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  • br In Korea the Pap smear was


    In Korea, the Pap smear was first introduced in 1988 in a health examination for industrial workers [49]. In 1999, the National Cervical Cancer Screening Programme (NCCSP) was launched as a part of the National Health Care Screening Programme which supplied Medicaid 
    Fig. 3. Trends in genital warts prevalence in the Republic of Korea, by sex. “APC”: annual percent change Adjusted to residence-registration mid-year po-pulation in 2011..
    Data sources: Adapted from [45]
    participants with stomach, breast and cervical cancer screening free-of-charge [49]. The screening programme gradually expanded with in-cluding further participants and target cancer sites. Currently, the Korean government operates two population-based cervical screening programmes. The National Health Insurance Service Cancer Screening Programme (NHISCSP), which is offered to National Health Insurance Service (NHIS) beneficiaries in the upper 50% income stratum, and the National Cancer Screening Programme (NCSP), which is offered to NHIS beneficiaries in the lower 50% income stratum and Medical Aid Programme (MAP) recipients. Both programmes use the Pap test as the main screening tool, that is conducted by gynaecologists and provide complimentary biennial cervical cancer screening for all Korean women over the age of 30 [50]. Since 2016, the programme has been expanded to women over the age of 20 [51]. The percentage of women screened, among target population, has increased rapidly, from 41.1% in 2009, 53.0% in 2016 [1,50,52].
    4.1.2. National immunization programme (NIP) in Korea and current guidelines for HPV vaccine use
    In June 2016, the HPV vaccine (2-valent and 4-valent) was included in the NIP in Korea as a 2-dose schedule (0, 6 months) for 12 year old girls (based on birth cohort). Girls have at least two years to get the opportunity of being vaccinated within the NIP. The selection of the HPV vaccine was based on physician or patient/parent preference [54].
    4.2. Current status of HPV Z-VAD-FMK in Korea
    Confidence Interval; * “9HPV types” includes the ones in 9–valent HPV vaccine: HPVs 16/18/31/33/45/52/58/6/11. Eastern Asia: combined data for the following countries: China, Japan, Philippines, The Republic of Korea, Thailand and Taiwan. Type specific relative contribution estimations: Numerator = single infections + proportional attribution of multiple types; Denominator = HPV DNA positive cancer cases.. Data sources [9–14]
    Regarding previous vaccination rates in Korea, a nationwide survey on immunization rates conducted in 2013 (in cohorts born below 1993) reported an HPV vaccine coverage of 28.7% between the ages of 19 and 26 years, 15.9% between 27 and 39 years, and 4.6% between 40 and 59 years [56]. In addition, vaccination is recommended by professional societies, including the Korean Pediatric Society, the Korean Society of Pediatric Infectious Diseases, the Korean Society of Obstetrics and Gy-necology and the Korean Society of Gynecology Oncology.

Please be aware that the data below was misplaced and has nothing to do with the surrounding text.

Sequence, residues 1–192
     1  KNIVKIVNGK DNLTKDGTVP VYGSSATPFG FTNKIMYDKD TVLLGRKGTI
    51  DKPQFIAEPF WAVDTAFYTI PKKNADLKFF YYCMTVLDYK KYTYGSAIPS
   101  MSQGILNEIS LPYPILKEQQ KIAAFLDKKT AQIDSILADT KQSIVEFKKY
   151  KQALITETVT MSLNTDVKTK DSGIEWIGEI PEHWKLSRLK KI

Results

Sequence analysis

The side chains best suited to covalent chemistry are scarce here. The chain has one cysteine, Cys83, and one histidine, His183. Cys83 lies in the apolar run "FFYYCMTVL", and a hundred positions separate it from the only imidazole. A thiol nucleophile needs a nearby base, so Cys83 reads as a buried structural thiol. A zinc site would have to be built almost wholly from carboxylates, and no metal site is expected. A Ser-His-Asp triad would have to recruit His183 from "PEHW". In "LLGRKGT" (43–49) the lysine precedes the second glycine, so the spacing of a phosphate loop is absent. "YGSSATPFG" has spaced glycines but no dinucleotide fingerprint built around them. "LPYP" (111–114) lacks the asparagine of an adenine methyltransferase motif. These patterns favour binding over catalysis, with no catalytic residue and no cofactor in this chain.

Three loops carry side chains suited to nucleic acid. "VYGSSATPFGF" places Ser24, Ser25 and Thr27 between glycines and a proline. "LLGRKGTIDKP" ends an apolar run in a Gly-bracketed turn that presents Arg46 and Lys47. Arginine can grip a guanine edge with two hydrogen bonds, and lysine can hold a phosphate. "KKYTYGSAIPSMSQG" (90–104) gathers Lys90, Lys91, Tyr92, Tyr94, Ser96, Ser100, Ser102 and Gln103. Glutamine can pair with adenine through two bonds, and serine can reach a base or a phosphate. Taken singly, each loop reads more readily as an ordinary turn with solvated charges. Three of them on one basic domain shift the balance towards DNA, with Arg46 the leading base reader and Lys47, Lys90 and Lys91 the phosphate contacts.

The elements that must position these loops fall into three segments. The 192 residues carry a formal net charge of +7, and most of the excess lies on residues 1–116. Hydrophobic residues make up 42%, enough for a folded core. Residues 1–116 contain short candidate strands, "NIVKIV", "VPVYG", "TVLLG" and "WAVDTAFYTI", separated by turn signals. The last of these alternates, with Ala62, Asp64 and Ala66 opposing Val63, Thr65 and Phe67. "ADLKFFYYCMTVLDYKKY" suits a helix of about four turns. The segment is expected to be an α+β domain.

4.3. Barriers and facilitators of HPV vaccination introduction in Korea
    Globally, awareness and acceptance of vaccines in Korea (including social, cultural, and behavioural barriers and facilitators) is relatively high for childhood vaccines, although differences between NIP vs non-NIP vaccines are observed. A nationwide survey conducted in 2012 among 4374 participants aged 7–83 months showed 95.9–100.0% vaccination rates for NIP vaccines, and 30.7–85.4% for non-NIP vac-cines [57]. However, information in other age groups such as adoles-cents is still scarce.
    Regarding HPV vaccination in Korea, limited data is available prior to the inclusion of the HPV vaccine into the NIP in 2016. However, there are some vaccination data among hospital employees and re-latives during reduced-price vaccination programmes. HPV vaccine uptake increased from 2009 to 2010–2012 (370 and 515 subjects vac-cinated, respectively) and was probably attributed to an increased awareness of the benefits of the vaccine following media coverage and education of health professionals. In contrast, a decrease was observed in 2013 (17 women vaccinated during the programme) following the safety issues of the HPV vaccine in Japan (June 2013). The negative 
    reports from the media could have significantly impact the acceptance of HPV vaccination in Korea [58].
    In addition, a nationwide survey conducted in 2007, and updated in 2016, showed a significant increase in the awareness of HPV infection (from 13.3% in 2007 to 35.8% in 2016) and the preventive effect of the HPV vaccine (from 8.6% to 36.9%), and a decrease in the willingness to vaccinate against HPV (from 55.0% to 25.8%). Higher education level, awareness of HPV infection and vaccination, and perception of the seriousness of infection were positively associated with the willingness of respondents to vaccinate their daughters [59,60]. Another nation-wide survey in Korea revealed that mothers’ awareness of HPV vacci-nation is the most important method for preventing cervical cancer in their daughters. Further, in this study, mothers understood the im-portance of undergoing the Pap test regardless the administration of the HPV vaccine [61].